When the artist Ray Johnson sent a letter to Walter Hopps, former curator of the National Collection of Fine Arts (now the Smithsonian American Art Museum), requesting that he sit for a portrait, the letter and its accompanying drawings were saved in Art and Artist Files in the museum’s library. In fact, Johnson’s letter to Hopps had explicit instructions to “Please add to & return,” but the museum staff chose to hold on to it, like an artifact. In the art world of the 1960s–80s, if Ray Johnson sent you something in the mail, you probably kept it, even if it were unsolicited. You kept it because it was a little odd, or maybe because you’d heard of him. This wasn’t your everyday correspondence; it was something different.
Ray Johnson (1927–1995) studied art at the esteemed Black Mountain College during its heyday in the 1940s, reciting poetry in John Cage’s plays and working alongside Josef Albers, Ruth Asawa, Robert Motherwell, and Willem and Elaine de Kooning among others. By 1950, Johnson moved to New York City where he actively engaged in the burgeoning world of abstract expressionism, Fluxus and conceptual art in the 1950s and 60s, and then spent many years living on the North Shore of Long Island until his mysterious death in 1995. Despite his relative seclusion during the last twenty-five years of his life, Johnson’s network was rich and wide through his prolific practice of mailing his art. Mail art, which gained traction with Ray Johnson, consists of illustrated letters, postcards, collages, envelopes, and Xeroxed flyers mailed between correspondents to add to and reply, or send on. Johnson would send his sketches, collages, and ruminations to almost anyone in the art world for whom he could find an address.
And Ray Johnson’s mailed drawings and collages are all over the Smithsonian, with artworks in the collections of the Smithsonian American Art Museum and the Hirshhorn Museum and Sculpture Garden and their libraries. As evidence of just how expansive Johnson’s correspondence network was, the Archives of American Art has examples of Johnson’s letters, art, and ephemera scattered among roughly forty collections, from Sam Wagstaff to Lucy Lippard, several of which are currently on view in the exhibition Pushing the Envelope: Mail Art from the Archives of American Art.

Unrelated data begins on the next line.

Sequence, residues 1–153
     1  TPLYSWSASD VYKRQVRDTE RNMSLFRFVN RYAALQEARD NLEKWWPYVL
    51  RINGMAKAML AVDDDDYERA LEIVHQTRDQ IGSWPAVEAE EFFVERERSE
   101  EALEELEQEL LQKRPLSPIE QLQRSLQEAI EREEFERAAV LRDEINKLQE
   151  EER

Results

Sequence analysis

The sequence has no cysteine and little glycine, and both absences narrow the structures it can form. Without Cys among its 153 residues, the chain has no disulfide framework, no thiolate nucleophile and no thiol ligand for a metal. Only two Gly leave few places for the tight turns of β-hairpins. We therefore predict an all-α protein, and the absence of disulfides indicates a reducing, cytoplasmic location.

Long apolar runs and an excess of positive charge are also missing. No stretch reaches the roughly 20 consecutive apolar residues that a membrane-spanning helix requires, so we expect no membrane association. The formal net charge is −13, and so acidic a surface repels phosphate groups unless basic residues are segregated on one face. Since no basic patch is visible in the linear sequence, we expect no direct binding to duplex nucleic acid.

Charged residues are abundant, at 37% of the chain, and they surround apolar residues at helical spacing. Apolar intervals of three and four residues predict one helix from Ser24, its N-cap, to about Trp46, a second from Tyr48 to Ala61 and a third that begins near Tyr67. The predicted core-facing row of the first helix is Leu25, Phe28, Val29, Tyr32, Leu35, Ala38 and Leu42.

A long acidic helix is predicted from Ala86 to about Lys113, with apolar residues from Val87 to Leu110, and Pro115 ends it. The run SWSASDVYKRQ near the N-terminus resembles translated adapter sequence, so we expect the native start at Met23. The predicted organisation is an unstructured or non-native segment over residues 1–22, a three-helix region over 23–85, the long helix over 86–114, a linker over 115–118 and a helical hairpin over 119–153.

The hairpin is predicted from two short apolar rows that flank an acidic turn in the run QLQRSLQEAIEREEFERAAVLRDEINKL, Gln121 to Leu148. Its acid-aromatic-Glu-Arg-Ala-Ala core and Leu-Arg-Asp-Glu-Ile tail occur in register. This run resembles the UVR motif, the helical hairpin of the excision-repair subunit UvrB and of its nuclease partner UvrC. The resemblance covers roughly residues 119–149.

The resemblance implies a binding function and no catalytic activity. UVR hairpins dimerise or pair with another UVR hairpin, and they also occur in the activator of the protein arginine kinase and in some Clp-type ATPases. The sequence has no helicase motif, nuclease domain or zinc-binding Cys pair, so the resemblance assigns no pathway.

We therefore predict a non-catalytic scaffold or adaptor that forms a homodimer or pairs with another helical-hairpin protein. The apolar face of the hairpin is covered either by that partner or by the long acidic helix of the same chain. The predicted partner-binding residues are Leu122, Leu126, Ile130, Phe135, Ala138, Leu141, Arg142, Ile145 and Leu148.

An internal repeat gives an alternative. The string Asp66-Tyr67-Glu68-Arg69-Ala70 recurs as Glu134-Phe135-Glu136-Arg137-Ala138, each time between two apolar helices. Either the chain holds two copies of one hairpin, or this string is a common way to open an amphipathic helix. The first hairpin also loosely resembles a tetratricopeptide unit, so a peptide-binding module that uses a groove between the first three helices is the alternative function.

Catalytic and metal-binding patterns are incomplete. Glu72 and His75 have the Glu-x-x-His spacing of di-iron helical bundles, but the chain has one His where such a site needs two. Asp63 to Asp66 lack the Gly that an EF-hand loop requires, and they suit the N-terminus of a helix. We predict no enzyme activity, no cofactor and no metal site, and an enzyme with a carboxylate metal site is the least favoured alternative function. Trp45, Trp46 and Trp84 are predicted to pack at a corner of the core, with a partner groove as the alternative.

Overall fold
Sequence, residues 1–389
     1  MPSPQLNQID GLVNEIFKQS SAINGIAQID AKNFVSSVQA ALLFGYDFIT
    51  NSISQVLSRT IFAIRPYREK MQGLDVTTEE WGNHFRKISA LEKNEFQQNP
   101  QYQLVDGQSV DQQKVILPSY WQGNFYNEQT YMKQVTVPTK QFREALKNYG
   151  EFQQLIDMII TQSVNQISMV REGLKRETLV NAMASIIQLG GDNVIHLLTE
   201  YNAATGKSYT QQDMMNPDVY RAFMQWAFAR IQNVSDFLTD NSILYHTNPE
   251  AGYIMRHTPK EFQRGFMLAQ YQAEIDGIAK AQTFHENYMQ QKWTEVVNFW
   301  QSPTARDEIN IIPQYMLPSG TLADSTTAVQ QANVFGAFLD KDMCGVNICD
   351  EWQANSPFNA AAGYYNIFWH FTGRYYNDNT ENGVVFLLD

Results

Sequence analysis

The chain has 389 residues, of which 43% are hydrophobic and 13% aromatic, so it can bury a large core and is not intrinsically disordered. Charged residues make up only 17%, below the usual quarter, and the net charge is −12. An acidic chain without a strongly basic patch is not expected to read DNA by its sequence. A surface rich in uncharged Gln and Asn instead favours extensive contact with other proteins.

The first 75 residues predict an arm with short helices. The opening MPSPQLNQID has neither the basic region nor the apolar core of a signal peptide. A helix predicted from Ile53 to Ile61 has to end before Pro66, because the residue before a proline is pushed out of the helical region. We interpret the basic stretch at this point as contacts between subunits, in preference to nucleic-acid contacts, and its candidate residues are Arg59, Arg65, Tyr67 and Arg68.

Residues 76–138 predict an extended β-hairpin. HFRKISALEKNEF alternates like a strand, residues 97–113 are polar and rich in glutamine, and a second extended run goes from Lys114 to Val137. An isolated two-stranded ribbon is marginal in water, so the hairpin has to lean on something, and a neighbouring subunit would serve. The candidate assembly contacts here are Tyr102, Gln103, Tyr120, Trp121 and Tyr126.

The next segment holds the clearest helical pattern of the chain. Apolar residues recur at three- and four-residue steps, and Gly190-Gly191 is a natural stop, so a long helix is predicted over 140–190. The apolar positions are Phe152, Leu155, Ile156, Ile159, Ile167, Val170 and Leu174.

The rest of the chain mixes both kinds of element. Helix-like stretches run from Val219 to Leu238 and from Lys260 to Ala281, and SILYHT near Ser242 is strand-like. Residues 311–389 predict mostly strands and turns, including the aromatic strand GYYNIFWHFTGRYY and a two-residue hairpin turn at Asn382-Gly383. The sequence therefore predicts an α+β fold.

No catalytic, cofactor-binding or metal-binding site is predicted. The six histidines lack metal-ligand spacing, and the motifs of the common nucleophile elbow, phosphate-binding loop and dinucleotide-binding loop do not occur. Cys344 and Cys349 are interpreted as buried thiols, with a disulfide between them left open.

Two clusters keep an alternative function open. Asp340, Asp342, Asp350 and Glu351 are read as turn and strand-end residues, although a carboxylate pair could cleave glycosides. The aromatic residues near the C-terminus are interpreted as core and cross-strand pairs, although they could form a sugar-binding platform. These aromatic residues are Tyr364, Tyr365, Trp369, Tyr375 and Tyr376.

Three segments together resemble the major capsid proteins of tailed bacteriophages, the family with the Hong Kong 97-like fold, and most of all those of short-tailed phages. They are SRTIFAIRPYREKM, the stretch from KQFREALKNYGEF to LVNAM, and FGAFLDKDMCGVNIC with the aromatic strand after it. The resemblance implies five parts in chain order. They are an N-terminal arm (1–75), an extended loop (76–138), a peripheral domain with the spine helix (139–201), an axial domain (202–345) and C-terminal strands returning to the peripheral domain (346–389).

One such item among those many collections is a letter Johnson wrote to Arthur Danto in 1985, found in the latter’s papers. Danto was a noted philosopher turned art critic, and in that year, he wrote about a three-holed wooden toilet seat slated for auction in 1985 after Elaine de Kooning authenticated the piece as being painted by her husband. The toilet seat in question was painted on by a young Willem de Kooning in the 1950s before he was a marketable artist. Danto probed whether it was a work of art, like a Duchamp ready-made, but decidedly pointed to the toilet seat being too far out of de Kooning’s normal mode of practice to be intended as art by the artist himself.
In his letter to Danto, Johnson referenced his own 1974 article, "Abandoned Chickens," from Art in America, in which he asked artists about their favorite childhood toys. Willem de Kooning’s cherished toy was a wooden cart, which he sketched with his eyes closed during the interview. In his note to Danto, Johnson pointed out the similarity in this work to that of de Kooning’s toilet seat—he said that it is a “...work that fits into a funny category – it is a drawing completely in an area by itself.” In the Art in America article, Johnson included a reproduction of de Kooning’s original little cart drawing, alongside collages that Johnson himself made with photocopies of de Kooning’s cart. In taking the appropriated cart drawing, he used de Kooning’s art work and made Ray Johnsons out of it.
Johnson then invited the critic to join his New York Correspondence School, requesting his mailing address, which he presumably already had having mailed him the letter in the first place. Though Johnson asked for Danto’s opinion, we don’t know whether he weighed in on de Kooning’s little cart as a work of art. The three-holed toilet seat ultimately failed to reach its reserve price at auction and remained unsold, so it may be that the art world agreed with Danto's assessment after all.
Perhaps Danto recognized that Johnson was including him in his mail art, suggesting a more explicit and intentional act of art creation than the de Kooning piece Danto had written about, as if to say, “You mean like this?” Perhaps Johnson was playfully prodding the critic to further fathom the extent of the boundaries of art and intention. If they did come to an understanding of the meaning of the cart or their correspondence it has been lost, but Danto kept the letter. After all, it was from Ray Johnson.
The exhibition Pushing the Envelope: Mail Art from the Archives of American Art is on view through January 4, 2019 in the Lawrence A. Fleischman Gallery at the Donald W. Reynolds Center for American Art and Portraiture (8th and F Streets NW, Washington, DC). Admission is free.
This post originally appeared on the Archives of American Art Blog.